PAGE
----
Other larger organizations like the National Center For Women’s Equity In Apprenticeship And Employment have created helpful resources, like this guide for apprenticeship outreach, to increase interest in the trades among women.
Another effective method for bringing more women into the plumbing world is word of mouth. Laura Ceja, the Special Representative for Training and Outreach at the United Association of Plumbers, Fitters, Welders, & Service Techs said women have to “take the lead and encourage other women to become plumbers and change the way the world sees our profession.”
“Now, more and more, I hear women tell me stories of other women they met in the industry or a strong female role model in their life that changed the way they saw plumbing and encouraged them to become plumbers.”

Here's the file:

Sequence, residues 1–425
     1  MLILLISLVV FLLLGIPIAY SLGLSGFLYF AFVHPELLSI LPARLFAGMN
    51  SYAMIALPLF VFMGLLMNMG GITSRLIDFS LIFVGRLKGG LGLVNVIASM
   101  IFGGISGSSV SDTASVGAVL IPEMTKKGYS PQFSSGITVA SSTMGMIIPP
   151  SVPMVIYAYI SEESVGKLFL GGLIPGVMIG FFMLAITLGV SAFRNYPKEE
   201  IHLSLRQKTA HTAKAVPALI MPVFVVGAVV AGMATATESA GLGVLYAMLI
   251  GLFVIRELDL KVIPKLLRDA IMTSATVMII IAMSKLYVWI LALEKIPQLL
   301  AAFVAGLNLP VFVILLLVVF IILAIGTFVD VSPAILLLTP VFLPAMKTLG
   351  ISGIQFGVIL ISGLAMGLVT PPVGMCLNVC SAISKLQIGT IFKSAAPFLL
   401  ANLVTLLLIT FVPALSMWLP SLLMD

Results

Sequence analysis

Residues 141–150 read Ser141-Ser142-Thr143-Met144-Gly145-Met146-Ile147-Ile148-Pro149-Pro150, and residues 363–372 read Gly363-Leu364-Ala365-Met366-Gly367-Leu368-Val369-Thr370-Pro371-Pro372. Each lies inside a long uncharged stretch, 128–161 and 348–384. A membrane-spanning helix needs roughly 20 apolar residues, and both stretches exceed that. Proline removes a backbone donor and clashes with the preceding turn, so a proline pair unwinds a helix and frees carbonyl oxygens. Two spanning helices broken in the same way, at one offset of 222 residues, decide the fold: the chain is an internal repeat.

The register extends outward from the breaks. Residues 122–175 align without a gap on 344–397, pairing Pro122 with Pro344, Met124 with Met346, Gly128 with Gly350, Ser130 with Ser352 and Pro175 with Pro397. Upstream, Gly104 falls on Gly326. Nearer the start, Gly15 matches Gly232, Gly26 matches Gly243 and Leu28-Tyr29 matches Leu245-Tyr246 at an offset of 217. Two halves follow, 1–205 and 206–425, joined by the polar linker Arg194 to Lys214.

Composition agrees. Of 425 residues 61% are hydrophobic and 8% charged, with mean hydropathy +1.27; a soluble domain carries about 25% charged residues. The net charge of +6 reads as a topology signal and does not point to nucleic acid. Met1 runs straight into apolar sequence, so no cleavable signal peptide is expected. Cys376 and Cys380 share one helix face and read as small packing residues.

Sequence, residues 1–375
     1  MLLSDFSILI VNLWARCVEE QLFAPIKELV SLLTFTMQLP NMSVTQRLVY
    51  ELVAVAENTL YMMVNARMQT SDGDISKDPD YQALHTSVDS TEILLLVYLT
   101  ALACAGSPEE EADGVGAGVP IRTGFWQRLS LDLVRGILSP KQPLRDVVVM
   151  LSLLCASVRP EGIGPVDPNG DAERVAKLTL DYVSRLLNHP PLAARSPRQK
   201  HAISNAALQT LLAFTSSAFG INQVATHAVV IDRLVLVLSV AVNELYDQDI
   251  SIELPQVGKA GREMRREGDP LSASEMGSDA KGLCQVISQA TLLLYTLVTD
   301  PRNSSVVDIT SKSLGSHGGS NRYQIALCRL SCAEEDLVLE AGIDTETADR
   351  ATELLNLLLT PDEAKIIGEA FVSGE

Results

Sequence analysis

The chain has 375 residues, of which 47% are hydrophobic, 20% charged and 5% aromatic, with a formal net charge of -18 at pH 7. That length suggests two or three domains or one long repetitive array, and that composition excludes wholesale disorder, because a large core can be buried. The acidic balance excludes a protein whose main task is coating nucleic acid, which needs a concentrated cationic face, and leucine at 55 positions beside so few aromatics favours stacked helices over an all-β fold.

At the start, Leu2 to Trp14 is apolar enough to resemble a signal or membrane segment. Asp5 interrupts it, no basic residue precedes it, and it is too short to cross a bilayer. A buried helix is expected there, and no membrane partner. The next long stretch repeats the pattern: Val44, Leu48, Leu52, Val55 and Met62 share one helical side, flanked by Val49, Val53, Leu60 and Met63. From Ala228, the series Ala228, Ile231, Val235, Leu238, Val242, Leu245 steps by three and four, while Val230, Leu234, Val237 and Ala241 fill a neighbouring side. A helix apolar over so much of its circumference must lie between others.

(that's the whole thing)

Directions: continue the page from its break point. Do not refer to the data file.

Benjamin Franklin Plumbing has also picked up on this word of mouth encouragement method.
“Word-of-mouth has been our best recruiting method for women so far,” said Wilkinson. “I think as an industry we need to change and put in the effort — when we’re advertising for a technician or just spotlighting our female techs. I think that’s one of the best ways to approach this.”
Picture: Men vs Women graphic over the years
While the number of women in plumbing has risen over the years (but not by much), the industry still has a long way to go to achieve a more balanced workforce. That’s why we encourage you to participate in the simple yet effective “word of mouth method!” Whether you’re a man or woman, encourage your daughters, nieces, or even granddaughters to consider working in the rewarding industry that you’ve called your own for many years. With your help, there’s hope that we can increase the 2.3% to a much larger number by the time the next census comes.